Photo of Alaska state Senator Cathy Giessel
Problem Addressed Threats to Voting Rights
Solution Targeted and defeated in a hyper-partisan Republican primary in 2020 after 10 years in the Alaska state Senate, Cathy Giessel returned to office in 2022 after the state implemented two electoral reforms that gave more choice and a greater voice to Alaska voters.
Location Anchorage, AK
Impact State

What she’s done

Cathy Giessel exemplifies why election reforms are being implemented around the country. A popular Republican who served 10 years in the Alaska capital, including two years as Senate president from 2019-21, she was targeted by the state GOP in 2020 for working too closely with the Democratic minority. She lost the closed Republican primary by a wide margin to a political unknown.

In November that year, voters passed a pair of electoral reforms that created a single primary open to all candidates regardless of party affiliation, with the top four vote-getters moving on to a general election where the winner would be selected through ranked choice voting. The reforms, intended to make elections less partisan and more competitive, give all voters, and especially independents, a greater say in who represents them.

Giessel ran again in 2022 and aided by the new election rules reclaimed her seat in the Senate. She and her colleagues formed a bipartisan majority coalition in which she serves as majority leader. She continues to press for bipartisan solutions relating to retention of public employees, access to mental health services, and preservation of the state’s fishing culture and industry.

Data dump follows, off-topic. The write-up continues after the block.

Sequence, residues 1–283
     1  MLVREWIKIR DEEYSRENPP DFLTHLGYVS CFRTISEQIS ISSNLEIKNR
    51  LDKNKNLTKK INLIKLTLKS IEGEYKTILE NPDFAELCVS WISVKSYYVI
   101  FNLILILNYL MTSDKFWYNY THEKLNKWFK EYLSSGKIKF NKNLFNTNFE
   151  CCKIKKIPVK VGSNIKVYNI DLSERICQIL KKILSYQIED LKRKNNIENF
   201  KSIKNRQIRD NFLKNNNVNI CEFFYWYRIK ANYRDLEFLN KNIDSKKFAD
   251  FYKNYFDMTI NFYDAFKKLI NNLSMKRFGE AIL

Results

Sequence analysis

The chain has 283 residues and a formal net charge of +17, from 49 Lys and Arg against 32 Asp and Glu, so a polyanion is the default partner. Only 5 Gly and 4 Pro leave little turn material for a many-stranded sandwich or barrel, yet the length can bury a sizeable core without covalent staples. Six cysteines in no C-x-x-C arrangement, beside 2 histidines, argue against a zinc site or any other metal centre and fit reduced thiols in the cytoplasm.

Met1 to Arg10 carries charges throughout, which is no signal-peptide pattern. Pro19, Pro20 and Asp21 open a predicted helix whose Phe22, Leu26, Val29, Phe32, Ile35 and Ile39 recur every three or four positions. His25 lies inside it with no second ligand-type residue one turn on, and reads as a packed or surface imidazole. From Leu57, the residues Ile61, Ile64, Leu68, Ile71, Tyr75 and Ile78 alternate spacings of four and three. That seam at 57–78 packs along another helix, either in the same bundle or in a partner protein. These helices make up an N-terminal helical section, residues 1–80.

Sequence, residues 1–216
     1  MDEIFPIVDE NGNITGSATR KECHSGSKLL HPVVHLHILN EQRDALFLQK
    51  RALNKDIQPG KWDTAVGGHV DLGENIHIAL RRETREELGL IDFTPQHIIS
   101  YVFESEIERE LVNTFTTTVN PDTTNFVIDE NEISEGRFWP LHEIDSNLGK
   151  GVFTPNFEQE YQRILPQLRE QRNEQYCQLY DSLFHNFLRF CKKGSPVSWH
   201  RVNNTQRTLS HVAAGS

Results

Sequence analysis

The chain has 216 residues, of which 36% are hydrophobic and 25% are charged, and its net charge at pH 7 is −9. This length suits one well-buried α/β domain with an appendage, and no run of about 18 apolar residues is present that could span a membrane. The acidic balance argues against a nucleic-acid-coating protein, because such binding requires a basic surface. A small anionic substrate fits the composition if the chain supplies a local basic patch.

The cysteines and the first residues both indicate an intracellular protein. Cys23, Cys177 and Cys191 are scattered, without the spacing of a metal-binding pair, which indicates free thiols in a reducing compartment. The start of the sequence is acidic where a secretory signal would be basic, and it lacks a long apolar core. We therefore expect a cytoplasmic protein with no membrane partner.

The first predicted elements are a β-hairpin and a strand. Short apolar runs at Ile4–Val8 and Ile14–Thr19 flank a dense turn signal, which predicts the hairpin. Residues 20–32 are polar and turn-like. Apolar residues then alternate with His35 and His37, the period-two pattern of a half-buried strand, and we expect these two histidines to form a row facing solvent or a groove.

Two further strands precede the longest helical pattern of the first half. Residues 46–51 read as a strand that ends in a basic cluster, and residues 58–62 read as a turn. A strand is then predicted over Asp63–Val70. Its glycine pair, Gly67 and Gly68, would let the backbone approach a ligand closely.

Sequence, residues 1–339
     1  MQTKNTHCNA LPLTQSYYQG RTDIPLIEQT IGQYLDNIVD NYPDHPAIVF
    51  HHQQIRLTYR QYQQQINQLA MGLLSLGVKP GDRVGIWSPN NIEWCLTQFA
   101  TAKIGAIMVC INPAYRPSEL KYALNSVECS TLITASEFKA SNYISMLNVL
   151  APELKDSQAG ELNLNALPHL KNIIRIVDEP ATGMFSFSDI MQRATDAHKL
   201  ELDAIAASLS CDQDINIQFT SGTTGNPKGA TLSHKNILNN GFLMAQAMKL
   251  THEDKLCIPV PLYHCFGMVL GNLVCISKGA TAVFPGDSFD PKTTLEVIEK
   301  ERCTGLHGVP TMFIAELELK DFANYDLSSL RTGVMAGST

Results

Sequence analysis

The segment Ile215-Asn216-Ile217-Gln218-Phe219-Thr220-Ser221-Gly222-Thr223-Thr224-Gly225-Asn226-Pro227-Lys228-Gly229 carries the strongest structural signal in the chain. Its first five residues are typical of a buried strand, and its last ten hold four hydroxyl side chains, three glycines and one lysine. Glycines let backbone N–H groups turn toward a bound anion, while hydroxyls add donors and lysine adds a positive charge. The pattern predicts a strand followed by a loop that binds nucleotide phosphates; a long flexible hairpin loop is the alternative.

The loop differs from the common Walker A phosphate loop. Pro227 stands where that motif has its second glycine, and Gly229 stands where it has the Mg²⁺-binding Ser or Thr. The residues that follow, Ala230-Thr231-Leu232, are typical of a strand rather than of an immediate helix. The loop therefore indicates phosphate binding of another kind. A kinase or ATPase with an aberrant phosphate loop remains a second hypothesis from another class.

Her story

Giessel’s story is not unlike many other Republicans who just weren’t “Republican enough” for their more partisan colleagues. An Alaskan native, Giessel is a lifelong party member who is staunchly committed to conservative values. But in the current political climate, where the emphasis more often is on what divides us, she stands out as a pragmatic problem solver willing to build and support bipartisan coalitions in the state legislature to pass bills intended to improve life for her fellow Alaskans.

After she led a bipartisan coalition in her two years as Senate President, the state party, under the influence of more extreme partisans, ousted her in the 2020 primary. Unlike many other conservatives around the country who stepped away from elective politics after being primaried themselves, Giessel chose not to exit the political arena. Her comeback signifies her commitment to public service and exemplifies the benefits of the two electoral reforms passed by Alaskans in 2020: a multi-party first-four primary and ranked choice voting.

Looking for Shared Values

After a decades-long tenure rising through the ranks in the Alaska Republican Party, Giessel first ran and was elected to the state Senate in 2010, the same year that the Tea Party swept into power. Her Wikipedia page says she identified with Tea Party values, and when she first took office, she was among four conservatives who did not join the Senate’s bipartisan coalition.

Looking back, Giessel says she did not identify with the Tea Party, though she suggests her decades immersed in GOP politics may have led her to be more partisan and less aware of the common ground she shared with her Democratic colleagues. But once in office, she says, repeating a favorite story, she found herself needing to work with Bettye Davis, a Senate Democrat, to save a particular bill. That collaboration was “an eye opener”, she says. It was then that “I realized, if you look for the shared values, you can get productive things done.”